Celebrate Burns Night in Style

Burns Night a Long Way South:

Now, I only lived in Scotland for a very few years of my life, when my Father was working in Ayr.  But, his side of the family are Scottish through and through, my grandfather was a doctor working in Glasgow and HIS father was the first postmaster on Skye.  So, there’s a part of me that yearns for the Scottish Highlands and Islands and I love ceilidhs and Scottish traditions like Burns Night, when everyone dresses up and strange incomprehensible poetry is read, alongside the consumption of strange food and strong whisky.

robert burns

The format of Burns suppers has changed little since the first supper was held in 1802 to commemorate the Death of Scotland’s favourite poet, Robert Burns.

The basic format starts with a general welcome and announcements, followed with Selkirk Grace After the grace comes the piping and cutting of the haggis when Burns’s famous “Address to the Haggis” is read and the haggis is cut open. Now, this is what you’ll hear.

Worth getting a translation first perhaps? The event usually allows for people to start eating just after the haggis is presented.  The Ceilidh format gets everyone up and dancing at this point, but there are plenty of dinners where you simply eat a lot of good food (haggis is sometimes served as a starter, with a traditional Scottish meat like venison for the main course). It all finishes with everyone singing of “Auld Lang Syne”, by which time you should be full of food and whisky!

I’ve had a bit of fun and held my own Burns night suppers, albeit without a piper – and I’ve also been to Burns Night ceilidhs.  I have a sneaking suspicion that when you get men to dress up in kilts they become somehow nicer.  That could be just nerves that you can actually see their legs…or perhaps a draught blowing up the kilt keeping them chilled?

piping the haggis burns night at boisdale 1

So, I’d recommend a Burns Night event, for fun, entertainment, tradition and excellent food.  If you’d like a bit of Scottish splendour then why not book a table at the 1 Lombard Street Dinner .  You’ll get whisky tasting, haggis, men in kilts (there’s a bribe of free whisky for those that do!) and a rather splendid atmosphere, all for £40 a head.  Or visit Boisdale, that most Scottish of London restaurants;)  Not content with celebrating Burns Night on the 25th, they’ve got a whole week of (as they put it) haggis stabbing! For more information, check out their website.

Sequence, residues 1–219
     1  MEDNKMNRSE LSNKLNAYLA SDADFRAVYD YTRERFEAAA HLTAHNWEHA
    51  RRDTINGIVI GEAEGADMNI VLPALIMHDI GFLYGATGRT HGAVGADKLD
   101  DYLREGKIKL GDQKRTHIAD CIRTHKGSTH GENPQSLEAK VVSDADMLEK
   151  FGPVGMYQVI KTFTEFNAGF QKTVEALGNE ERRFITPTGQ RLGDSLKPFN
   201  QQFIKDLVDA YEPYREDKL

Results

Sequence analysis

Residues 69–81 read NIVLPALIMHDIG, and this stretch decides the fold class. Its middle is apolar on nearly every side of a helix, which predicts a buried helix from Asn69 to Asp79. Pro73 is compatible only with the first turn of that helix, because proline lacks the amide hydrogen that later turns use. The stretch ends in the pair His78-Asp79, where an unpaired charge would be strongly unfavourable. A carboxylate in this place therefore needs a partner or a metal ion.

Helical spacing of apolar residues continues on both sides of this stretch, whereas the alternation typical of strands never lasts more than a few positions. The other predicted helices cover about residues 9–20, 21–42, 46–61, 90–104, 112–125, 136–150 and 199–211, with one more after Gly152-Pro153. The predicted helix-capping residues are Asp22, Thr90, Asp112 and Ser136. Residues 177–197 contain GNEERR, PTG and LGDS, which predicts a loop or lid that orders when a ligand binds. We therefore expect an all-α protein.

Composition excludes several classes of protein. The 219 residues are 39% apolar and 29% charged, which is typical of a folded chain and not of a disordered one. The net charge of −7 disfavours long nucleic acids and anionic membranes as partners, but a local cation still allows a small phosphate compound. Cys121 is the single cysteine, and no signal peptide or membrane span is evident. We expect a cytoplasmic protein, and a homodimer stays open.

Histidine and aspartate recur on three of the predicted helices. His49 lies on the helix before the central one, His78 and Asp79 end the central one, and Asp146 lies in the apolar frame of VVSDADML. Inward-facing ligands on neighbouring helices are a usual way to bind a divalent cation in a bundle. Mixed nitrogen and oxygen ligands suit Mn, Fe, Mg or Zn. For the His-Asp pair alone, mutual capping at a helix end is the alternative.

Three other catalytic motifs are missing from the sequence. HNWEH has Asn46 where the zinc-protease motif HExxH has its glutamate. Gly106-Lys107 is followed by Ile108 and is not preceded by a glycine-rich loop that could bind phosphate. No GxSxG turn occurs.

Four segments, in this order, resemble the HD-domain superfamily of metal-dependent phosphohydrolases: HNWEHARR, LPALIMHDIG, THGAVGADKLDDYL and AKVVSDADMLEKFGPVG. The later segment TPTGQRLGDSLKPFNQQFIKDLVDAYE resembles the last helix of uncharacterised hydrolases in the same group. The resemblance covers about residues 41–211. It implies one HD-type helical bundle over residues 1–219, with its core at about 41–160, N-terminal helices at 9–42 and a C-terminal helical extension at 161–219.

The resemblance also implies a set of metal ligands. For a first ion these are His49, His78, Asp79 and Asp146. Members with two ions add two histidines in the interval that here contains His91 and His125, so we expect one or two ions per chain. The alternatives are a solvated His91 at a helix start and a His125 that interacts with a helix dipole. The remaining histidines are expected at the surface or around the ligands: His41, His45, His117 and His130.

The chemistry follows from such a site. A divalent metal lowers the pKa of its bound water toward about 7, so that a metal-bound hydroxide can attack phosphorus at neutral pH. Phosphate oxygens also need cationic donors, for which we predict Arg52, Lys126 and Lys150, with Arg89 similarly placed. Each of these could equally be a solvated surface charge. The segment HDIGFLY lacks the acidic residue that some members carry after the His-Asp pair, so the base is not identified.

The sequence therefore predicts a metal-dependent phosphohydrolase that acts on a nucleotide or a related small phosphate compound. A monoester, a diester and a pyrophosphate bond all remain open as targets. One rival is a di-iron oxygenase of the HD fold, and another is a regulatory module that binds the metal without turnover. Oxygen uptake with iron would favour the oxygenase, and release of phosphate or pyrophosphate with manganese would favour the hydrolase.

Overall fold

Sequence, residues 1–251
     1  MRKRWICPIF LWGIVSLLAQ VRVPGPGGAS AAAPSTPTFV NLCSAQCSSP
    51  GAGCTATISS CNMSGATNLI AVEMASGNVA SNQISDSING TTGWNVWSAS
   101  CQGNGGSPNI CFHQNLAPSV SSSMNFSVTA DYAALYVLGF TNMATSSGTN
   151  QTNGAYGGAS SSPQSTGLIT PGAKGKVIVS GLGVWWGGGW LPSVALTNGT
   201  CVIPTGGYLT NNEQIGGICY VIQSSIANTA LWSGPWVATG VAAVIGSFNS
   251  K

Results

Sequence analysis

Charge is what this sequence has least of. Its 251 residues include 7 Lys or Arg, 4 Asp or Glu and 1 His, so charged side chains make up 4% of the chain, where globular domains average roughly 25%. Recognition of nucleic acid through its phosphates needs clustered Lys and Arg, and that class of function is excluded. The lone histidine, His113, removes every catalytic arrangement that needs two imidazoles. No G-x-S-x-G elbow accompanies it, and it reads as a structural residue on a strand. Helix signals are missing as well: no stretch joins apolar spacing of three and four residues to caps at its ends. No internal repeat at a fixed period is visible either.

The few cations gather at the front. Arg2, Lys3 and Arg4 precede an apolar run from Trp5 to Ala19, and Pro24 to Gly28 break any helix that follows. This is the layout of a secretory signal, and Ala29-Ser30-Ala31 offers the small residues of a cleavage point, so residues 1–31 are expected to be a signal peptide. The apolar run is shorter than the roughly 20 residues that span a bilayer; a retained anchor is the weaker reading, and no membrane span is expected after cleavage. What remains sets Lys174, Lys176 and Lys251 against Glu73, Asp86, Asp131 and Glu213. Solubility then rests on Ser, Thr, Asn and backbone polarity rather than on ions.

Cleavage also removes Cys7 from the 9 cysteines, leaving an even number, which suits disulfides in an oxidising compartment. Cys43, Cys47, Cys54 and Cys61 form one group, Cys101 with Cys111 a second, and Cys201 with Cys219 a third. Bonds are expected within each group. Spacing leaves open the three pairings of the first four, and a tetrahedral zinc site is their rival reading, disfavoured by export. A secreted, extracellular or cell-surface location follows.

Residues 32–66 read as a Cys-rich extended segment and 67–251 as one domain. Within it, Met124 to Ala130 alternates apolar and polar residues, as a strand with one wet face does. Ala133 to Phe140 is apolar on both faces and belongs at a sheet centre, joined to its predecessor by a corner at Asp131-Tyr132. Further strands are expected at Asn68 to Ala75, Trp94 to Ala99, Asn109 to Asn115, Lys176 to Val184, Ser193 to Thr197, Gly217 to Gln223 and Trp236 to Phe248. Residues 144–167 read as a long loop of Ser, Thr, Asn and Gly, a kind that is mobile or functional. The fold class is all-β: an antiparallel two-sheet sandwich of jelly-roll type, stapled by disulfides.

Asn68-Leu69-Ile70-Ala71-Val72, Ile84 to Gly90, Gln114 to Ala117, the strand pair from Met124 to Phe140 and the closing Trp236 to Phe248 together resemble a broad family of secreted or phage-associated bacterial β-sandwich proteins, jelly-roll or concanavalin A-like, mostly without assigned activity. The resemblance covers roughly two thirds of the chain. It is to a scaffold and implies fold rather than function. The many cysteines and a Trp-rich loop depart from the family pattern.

Burns Night piping the haggis at boisdale

Or, if it’s just too cold to go out, well could just put together your own Burns Night celebration, drink a wee dram and address the haggis at home.  You’ll need a haggis, tatties (potatoes) and neeps (swede).  And, a lot of whisky.  Serve cockaleekie soup to start and cranachan for dessert.  And find the person with the best Scottish accent to Address the Haggis!

If like me, you prefer your whisky in a cocktail, here an idea from Claridges from Oliver Blackburn for a Whisky cocktail with Chivas 12

and one from the Ritz and Walter Pintus

So, now you have everything to ensure you have the classiest Burns Night dinner in Town, whether you stay at home or go out to celebrate.


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  1. says

    Ah, as a Burns I SHALL be celebrating as I do every year! And with a tipple too, but it has to be smoky and peaty Islay whisky for me and ONLY single malt!

  2. says

    Wouldn’t be hard for me to find someone to address the haggis (my Dad) but finding a haggis in California might be a bigger problem. I’ve been dying to make Cranachan, and you’ve reminded me of it! Happy Burn’s Night when it comes!

  3. says

    Robbie Burns night is a tradition! Even for us no-Scots here in Canada. While I do love the day, I just can’t bring myself to indulge in the haggis. I’ll double up on everything else :)

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